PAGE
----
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Home » From the Commissioner

Nemo Dampens Farm & Forest

New Hampshire Department of Agriculture, Markets & Food (February 16, 2013)
NH Ag in the Classroom at this year's NH Farm and Forest Expo
NH Ag in the Classroom at this year’s NH Farm and Forest Expo

The Farm & Forest Expo’s recent string of good weather luck ran out this year, with the blizzard named Nemo holding down attendance on Friday, and causing the Saturday cancellation. Paid attendance was just one-tenth of the normal Friday gate. The usual busloads of schoolchildren did not come this year, but plenty of parents brought their children along since schools everywhere were closed.

While some of Friday’s workshops and meetings were canceled, others went on as scheduled. Many participants remarked on the quality of the smaller-group discussions in the workshops. Attendees and exhibitors enjoyed more substantive conversations and interactions made possible by the lack of crowds. A surprising number of diehards came to the awards reception Friday evening. The first-annual Stephen H. Taylor Agricultural Leadership Award, established in honor of the 30th anniversary of Farm & Forest and former Commissioner Taylor’s leadership in founding the Expo, recognizes outstanding work by an individual who works professionally in the field of agriculture. John Porter, UNH Cooperative Extension Professor Emeritus, is the recipient of the inaugural award.

Several workshop sponsors have vowed to reschedule their programs, so keep an eye out for news of those events. UNH has sent out a reminder that the weather forecast is much more hospitable for the Research Field Day at the UNH MacFarlane Greenhouse this Friday, February 15, from 9:30-12:30. This event showcases agricultural research at UNH that relies on the greenhouses. The program includes a tour and informal talks about research underway this winter. New agroecology research faculty—plant pathologist Kirk Broders and plant breeder Iago Hale—will join strawberry geneticist Tom Davis and squash breeder Brent Loy. Cooperative Extension faculty Brian Krug, Cathy Neale and Becky Sideman will speak about projects with short-term impacts for our region’s horticultural industries.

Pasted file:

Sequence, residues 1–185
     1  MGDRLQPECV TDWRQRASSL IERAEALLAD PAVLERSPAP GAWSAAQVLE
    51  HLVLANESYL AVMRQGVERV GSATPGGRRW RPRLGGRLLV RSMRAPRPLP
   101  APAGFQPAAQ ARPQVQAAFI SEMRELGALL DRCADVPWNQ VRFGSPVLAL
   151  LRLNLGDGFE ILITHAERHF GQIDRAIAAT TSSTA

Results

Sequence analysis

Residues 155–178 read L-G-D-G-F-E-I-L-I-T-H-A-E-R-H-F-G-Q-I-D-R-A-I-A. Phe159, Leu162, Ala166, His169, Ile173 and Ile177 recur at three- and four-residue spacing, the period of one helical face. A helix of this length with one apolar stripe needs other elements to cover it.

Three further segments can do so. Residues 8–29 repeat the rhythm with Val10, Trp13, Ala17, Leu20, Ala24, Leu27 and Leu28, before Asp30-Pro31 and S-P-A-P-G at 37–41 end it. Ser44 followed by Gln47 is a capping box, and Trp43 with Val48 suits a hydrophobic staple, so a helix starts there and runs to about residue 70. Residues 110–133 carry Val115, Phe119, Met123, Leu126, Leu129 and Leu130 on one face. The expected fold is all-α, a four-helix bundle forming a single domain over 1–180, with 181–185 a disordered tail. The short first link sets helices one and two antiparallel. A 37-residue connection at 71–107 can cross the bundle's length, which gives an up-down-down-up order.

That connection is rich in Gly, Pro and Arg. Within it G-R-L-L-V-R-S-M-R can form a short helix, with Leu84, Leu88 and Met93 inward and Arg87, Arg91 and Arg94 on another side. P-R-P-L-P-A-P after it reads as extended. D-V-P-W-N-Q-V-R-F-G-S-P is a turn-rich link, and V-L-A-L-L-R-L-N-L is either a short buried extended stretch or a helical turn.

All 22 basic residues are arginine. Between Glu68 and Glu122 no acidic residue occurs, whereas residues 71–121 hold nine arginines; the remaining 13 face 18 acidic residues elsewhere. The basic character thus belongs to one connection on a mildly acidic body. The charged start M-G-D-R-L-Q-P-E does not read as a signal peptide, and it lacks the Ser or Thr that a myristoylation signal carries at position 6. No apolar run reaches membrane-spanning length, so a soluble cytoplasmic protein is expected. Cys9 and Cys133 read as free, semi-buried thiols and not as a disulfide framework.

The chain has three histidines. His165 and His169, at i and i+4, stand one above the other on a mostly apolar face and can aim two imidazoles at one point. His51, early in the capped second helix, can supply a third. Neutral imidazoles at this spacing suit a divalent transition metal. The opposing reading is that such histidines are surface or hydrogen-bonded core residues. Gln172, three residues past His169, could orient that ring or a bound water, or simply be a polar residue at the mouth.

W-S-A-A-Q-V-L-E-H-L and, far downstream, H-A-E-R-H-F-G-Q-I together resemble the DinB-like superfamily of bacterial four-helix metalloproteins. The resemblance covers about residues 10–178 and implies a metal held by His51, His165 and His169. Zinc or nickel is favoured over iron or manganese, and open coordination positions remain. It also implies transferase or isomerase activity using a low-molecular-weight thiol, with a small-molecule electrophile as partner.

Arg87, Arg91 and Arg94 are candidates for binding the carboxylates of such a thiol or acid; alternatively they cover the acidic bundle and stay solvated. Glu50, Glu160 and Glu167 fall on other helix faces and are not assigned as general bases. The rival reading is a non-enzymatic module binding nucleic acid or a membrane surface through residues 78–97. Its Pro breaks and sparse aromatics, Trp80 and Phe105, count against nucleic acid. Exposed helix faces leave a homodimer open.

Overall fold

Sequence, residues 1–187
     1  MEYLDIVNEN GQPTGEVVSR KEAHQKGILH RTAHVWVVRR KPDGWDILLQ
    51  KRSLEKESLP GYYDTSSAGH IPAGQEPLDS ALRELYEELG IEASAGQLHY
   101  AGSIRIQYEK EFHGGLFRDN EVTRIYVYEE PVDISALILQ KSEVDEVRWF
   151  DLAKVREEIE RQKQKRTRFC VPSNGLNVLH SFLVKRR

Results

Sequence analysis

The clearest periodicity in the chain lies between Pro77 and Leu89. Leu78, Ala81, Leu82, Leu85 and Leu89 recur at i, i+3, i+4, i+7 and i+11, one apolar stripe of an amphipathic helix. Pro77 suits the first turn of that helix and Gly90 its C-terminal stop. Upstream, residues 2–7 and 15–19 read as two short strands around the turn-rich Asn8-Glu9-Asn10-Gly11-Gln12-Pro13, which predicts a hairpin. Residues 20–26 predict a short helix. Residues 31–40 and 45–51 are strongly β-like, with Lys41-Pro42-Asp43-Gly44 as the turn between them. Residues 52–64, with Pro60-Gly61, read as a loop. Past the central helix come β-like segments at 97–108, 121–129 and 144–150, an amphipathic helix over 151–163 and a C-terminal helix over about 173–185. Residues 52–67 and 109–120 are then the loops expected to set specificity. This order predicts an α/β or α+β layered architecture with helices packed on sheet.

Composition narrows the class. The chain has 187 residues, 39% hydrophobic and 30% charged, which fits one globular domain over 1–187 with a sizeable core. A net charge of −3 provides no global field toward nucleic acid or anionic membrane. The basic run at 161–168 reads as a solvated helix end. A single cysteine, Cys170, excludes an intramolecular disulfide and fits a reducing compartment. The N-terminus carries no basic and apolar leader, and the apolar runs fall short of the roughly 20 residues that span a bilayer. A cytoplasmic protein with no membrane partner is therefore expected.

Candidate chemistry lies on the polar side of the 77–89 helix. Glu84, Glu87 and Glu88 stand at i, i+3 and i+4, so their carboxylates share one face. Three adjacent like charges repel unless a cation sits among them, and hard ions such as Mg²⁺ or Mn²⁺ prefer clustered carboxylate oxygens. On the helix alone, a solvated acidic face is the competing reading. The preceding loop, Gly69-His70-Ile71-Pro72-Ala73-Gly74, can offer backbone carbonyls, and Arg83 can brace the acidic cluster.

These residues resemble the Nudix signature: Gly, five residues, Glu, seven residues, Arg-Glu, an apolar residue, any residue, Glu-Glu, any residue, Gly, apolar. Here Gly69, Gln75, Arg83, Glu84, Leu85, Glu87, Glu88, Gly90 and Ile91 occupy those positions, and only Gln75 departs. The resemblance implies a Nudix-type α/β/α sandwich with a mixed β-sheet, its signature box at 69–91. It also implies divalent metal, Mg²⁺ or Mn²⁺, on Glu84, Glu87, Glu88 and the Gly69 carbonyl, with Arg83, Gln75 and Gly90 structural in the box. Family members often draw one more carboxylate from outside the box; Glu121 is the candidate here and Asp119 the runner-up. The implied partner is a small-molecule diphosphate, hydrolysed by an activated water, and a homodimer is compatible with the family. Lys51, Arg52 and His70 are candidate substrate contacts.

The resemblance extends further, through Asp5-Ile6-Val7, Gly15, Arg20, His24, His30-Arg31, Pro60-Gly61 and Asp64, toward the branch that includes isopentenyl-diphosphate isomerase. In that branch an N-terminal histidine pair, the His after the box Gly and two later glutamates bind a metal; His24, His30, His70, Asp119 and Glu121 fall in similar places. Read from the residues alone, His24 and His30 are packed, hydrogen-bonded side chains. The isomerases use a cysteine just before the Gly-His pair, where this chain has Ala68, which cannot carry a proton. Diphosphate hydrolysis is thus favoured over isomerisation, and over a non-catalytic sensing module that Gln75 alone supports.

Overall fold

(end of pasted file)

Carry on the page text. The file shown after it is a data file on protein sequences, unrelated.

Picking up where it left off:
In recent months a series of farm lending summit meetings have brought together agricultural agencies and lenders, plus several new farm finance partners. Participants have included USDA Rural Development and USDA Farm Service Agency; Yankee Farm Credit and Farm Credit East; UNH Cooperative Extension; NH Department of Agriculture, Markets & Food; the Carrot Project, the Cooperative Fund of New England, the U.S. Small Business Administration, and the NH Community Loan Fund. These meetings have highlighted new opportunities available to farm and food entrepreneurs.  The Cooperative Fund, for example, works with businesses organized as cooperatives.

In January the Farm Service Agency announced a new microloan program designed to help small and family operations, beginning and socially disadvantaged farmers secure loans under $35,000. The microloan program aims to bolster farmers’ progress through start-up so they can eventually graduate to commercial credit and grow their businesses. The microloan program also promises a more simplified application process.

The farm finance group meetings have helped forge relationships between these diverse public and private nonprofit entities, with a goal of facilitating partnerships in putting together plans and packages to support farmers and other food and agriculture entrepreneurs in attaining their goals. One example is the NH Community Loan Fund’s expanding NH Farm and Food Initiative.

NHCLF Vice President John Hamilton and Charlene Anderson, manager of business education, were among the hardy souls who spent all day Friday at Farm & Forest. NHCLF aims to fill financing gaps, extend credit to those who may have a hard time meeting traditional lenders’ criteria, and match business education opportunities to client needs. John Hamilton has contributed a Guest Column this week about their programs. He has identified obstacles he wants to address to better serve the agricultural community in the state—including raising awareness of what NHCLF’s Food and Farm Initiative can offer existing farms and off-farm businesses.

Lorraine Merrill, Commissioner                  lorrainemerrill                                                      

(reprinted from the Weekly Market Bulletin, Feb. 12,  2013)

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The NH Department of Agriculture, Markets & Food Division of Agricultural Development compiles market information and publishes the Weekly Market Bulletin for the agriculture community. The Bulletin is the department’s ‘publication of record’ and includes appropriate industry notices, announcements, seasonal information and market survey data. Subscribers may advertise in the popular agricultural classified advertising at no charge. One-year subscriptions are $28 for delivery by U.S. Postal Service, or $22 for delivery by secure internet. Sign up for the Weekly Market Bulletin by calling the office at 271-2505 and providing a credit card for payment; or visit the office at 25 Capitol St., Concord; or mail in your request with a check. Be sure to provide your address, phone number, and if you are requesting an online subscription, an email address.

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